But the biggest reveal, of course, was that The Good Place is not The Good Place at all. It’s the Bad Place—or a Bad Place, only without the requisite lava monsters or physical agony. It’s an experimental hell designed by Michael to trick Eleanor, Jason, Chidi, and their neighbor Tahani (Jameela Jamil) into torturing each other forever; the four of them were specifically chosen because their unique insecurities and anxieties would ensure that they’d make each other miserable forever. Everyone in “The Good Place” but them (and a Siri-like robot named Janet) is playing a part. It’s a Truman Show/No Exit-style nightmare posing, quite convincingly, as a celestial paradise until Eleanor ruined the plans by doing something Michael didn’t expect her to—confessing.

Even before this final discovery, The Good Place slotted in neatly with other recent metaphysically minded shows. But the sitcom’s massive twist felt distinct (and more satisfying) for a couple of reasons. One, unlike Mr. Robot for instance, The Good Place possessed a regard for rules and consequences when it came to its invented world—the neighborhood had an architect, and when something went wrong, there was an observable cause-and-effect reaction. Eleanor starts behaving badly in the afterlife? Giant shrimp fly out of the sky and Ariana Grande starts blasting. Michael can’t find the cause of the disturbances? He has to go into retirement. As mundane or bureaucratic as The Good Place’s laws seemed, they helped the world feel orderly.

Two, The Good Place’s status as a sitcom—typically more formulaic, circumscribed by genre conventions, including episode length—may have helped it from getting as bloated or messy as some of its peers in the drama category (Westworld, The OA). Humor aside, The Good Place was a far less frustrating exploration of alternate worlds, while still retaining quite a bit of complexity. There’s some clear meta-commentary going on, with Michael emerging as a sort of grand architect-slash-storyteller, akin to Westworld’s Robert Ford. The Good Place also asked questions of how motivation and intent shape moral character, while playing with bigger ideas about social engineering and the vaguely sadistic nature of consuming stories. After all, most viewers thought they were enjoying a quirky comedy all season. The sly joke implied by the finale: What does it say about us that we had such a rollicking time watching four people make each other utterly miserable?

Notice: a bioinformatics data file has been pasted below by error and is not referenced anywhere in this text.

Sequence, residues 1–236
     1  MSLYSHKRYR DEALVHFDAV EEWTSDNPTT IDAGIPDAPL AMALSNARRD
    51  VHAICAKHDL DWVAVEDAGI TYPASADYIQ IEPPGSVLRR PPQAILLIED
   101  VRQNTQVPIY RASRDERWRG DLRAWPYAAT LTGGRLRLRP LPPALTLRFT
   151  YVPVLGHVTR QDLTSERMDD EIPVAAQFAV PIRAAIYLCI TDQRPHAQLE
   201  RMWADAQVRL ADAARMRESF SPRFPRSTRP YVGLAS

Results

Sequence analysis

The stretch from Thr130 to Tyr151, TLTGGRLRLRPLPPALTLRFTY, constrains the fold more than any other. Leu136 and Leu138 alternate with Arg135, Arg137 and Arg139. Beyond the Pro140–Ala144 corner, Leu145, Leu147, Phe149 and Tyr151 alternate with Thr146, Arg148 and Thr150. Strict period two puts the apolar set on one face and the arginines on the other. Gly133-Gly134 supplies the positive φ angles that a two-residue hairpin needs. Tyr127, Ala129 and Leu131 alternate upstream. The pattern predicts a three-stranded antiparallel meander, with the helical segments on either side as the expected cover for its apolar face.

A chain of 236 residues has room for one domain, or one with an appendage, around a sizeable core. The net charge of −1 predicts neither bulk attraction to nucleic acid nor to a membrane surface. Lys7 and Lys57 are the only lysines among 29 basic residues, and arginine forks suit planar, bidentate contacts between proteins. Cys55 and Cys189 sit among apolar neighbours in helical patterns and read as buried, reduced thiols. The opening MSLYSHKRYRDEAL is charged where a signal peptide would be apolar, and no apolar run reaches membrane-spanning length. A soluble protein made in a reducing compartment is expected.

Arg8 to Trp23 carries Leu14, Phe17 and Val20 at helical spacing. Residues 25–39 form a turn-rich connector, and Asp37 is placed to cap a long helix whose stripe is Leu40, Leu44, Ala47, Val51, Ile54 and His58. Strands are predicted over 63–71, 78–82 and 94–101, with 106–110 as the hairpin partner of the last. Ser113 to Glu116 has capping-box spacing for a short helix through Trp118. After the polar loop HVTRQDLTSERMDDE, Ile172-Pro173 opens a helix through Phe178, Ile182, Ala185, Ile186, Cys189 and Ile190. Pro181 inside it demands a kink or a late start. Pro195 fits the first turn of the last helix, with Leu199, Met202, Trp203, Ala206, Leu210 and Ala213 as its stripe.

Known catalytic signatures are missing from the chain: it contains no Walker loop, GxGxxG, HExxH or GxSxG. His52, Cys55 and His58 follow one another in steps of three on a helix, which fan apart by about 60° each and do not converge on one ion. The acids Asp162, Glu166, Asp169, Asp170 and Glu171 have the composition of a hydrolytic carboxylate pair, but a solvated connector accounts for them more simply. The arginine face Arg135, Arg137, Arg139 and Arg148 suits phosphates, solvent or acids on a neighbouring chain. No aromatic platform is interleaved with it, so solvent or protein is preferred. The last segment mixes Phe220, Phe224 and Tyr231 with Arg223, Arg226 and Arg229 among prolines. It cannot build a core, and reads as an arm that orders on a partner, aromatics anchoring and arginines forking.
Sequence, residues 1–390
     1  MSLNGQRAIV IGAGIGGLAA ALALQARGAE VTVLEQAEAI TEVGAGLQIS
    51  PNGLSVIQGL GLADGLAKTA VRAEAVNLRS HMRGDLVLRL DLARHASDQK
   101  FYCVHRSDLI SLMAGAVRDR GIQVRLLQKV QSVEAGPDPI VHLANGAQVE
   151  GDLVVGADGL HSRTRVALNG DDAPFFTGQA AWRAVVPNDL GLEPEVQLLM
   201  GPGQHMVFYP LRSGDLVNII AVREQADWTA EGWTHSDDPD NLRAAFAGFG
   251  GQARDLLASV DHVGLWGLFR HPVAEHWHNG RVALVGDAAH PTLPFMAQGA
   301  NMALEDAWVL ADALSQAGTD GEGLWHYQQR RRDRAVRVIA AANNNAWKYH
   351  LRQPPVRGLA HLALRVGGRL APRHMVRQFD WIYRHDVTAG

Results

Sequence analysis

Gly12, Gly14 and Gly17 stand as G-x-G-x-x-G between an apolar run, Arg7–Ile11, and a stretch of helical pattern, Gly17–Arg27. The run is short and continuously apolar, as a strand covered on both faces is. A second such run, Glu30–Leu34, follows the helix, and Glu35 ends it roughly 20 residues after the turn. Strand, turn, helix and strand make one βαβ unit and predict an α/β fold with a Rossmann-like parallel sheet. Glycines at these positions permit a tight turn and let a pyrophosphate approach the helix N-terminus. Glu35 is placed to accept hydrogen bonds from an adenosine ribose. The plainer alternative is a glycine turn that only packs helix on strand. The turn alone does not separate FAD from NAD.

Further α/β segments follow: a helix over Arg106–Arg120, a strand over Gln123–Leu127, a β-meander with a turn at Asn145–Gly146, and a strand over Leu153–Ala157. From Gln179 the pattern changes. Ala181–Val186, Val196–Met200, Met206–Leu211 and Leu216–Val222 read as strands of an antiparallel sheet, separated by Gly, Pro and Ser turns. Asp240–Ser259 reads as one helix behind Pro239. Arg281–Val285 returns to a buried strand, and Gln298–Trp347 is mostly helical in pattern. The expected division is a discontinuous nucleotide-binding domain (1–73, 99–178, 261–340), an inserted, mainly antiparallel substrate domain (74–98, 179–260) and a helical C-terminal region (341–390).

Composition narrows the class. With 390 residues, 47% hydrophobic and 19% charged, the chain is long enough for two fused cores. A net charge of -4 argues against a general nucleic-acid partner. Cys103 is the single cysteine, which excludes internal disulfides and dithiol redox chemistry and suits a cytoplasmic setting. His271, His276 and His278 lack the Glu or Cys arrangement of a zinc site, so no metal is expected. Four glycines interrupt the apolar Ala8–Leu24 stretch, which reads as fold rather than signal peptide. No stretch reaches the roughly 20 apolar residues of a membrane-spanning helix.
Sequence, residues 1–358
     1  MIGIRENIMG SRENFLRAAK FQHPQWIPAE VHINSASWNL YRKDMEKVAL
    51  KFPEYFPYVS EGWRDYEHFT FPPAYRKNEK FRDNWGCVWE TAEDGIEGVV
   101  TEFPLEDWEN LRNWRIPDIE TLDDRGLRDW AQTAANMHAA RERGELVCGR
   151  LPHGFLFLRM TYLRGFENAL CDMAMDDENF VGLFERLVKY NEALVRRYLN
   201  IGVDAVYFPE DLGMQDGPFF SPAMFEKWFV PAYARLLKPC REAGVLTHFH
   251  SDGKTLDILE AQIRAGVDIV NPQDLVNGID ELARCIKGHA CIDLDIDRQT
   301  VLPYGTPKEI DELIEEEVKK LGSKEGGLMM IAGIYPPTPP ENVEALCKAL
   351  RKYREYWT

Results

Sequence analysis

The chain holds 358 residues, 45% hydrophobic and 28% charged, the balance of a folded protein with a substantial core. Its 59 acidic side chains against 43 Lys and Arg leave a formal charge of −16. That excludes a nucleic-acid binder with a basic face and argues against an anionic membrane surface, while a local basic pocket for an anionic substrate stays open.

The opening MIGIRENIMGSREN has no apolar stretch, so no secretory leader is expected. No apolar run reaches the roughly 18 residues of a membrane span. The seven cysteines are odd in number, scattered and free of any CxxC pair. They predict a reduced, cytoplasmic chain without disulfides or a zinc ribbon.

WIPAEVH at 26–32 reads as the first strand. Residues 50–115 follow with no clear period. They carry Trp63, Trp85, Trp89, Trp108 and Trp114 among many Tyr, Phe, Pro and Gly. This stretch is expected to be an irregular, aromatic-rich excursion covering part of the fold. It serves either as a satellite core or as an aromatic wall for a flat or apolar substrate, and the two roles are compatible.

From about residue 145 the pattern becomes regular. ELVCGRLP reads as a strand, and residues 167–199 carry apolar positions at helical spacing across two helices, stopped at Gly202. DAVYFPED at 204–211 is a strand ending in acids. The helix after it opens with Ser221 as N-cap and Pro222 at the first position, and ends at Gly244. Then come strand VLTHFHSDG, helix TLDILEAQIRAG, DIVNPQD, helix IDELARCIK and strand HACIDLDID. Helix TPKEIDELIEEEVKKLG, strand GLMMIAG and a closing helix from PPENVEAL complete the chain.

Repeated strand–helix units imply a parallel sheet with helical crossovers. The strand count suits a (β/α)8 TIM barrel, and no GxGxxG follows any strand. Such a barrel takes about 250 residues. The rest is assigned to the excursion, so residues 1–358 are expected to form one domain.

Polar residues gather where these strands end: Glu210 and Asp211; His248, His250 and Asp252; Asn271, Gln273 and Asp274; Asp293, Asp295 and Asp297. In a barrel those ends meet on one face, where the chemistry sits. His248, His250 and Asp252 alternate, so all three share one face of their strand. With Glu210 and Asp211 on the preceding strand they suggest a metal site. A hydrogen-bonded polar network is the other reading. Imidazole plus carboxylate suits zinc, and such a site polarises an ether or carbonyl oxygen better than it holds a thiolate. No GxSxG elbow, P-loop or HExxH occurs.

The structural sitcomminess—where the show has to revert to the status quo—of The Good Place also came through in the final moments of season one, albeit in a more surprising way. After Eleanor announces that she figured out that The Good Place is a sham, Michael has a mini tantrum (Danson’s transformation from fidgety nice guy to devious mastermind was incredible to see), and then asks his bosses for a second chance: He wants to erase the memories of Eleanor and her doomed neighbors (even more Westworld vibes) and redesign the “Good Place” so that Eleanor never feels the need to confess, or to figure out the truth about the afterlife.

Which, naturally, sets the foundation for season two. Had the first season not been such a pleasant surprise—consistently funny and smart and engaging—the prospect of a season-two “do-over” might seem automatically stale. (And even if, heaven forfend, the show doesn’t get renewed, the finale would nonetheless have been an appropriate ending.) But The Good Place looks to be setting its sights even higher, and with any luck, it will get to continue its own grand experiment in form and storytelling for at least a couple more years. Which means more torture and emotional conflict and stomachaches and feelings of inadequacy and secret “bud holes” for Eleanor and her friends—but a lot of fun for those of us watching.